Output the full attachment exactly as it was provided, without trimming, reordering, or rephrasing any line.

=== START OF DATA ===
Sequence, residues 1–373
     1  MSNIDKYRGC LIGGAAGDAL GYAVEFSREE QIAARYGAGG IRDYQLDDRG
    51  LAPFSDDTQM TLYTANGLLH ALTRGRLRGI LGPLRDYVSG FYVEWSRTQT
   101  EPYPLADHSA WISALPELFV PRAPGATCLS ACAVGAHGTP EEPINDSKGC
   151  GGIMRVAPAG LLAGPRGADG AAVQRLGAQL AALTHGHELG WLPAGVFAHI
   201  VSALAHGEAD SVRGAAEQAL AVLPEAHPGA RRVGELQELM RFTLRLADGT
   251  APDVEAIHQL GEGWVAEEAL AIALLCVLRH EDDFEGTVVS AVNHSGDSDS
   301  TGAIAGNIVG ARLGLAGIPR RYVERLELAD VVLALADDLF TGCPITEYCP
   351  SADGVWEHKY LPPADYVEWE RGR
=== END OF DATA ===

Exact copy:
Sequence, residues 1–373
     1  MSNIDKYRGC LIGGAAGDAL GYAVEFSREE QIAARYGAGG IRDYQLDDRG
    51  LAPFSDDTQM TLYTANGLLH ALTRGRLRGI LGPLRDYVSG FYVEWSRTQT
   101  EPYPLADHSA WISALPELFV PRAPGATCLS ACAVGAHGTP EEPINDSKGC
   151  GGIMRVAPAG LLAGPRGADG AAVQRLGAQL AALTHGHELG WLPAGVFAHI
   201  VSALAHGEAD SVRGAAEQAL AVLPEAHPGA RRVGELQELM RFTLRLADGT
   251  APDVEAIHQL GEGWVAEEAL AIALLCVLRH EDDFEGTVVS AVNHSGDSDS
   301  TGAIAGNIVG ARLGLAGIPR RYVERLELAD VVLALADDLF TGCPITEYCP
   351  SADGVWEHKY LPPADYVEWE RGR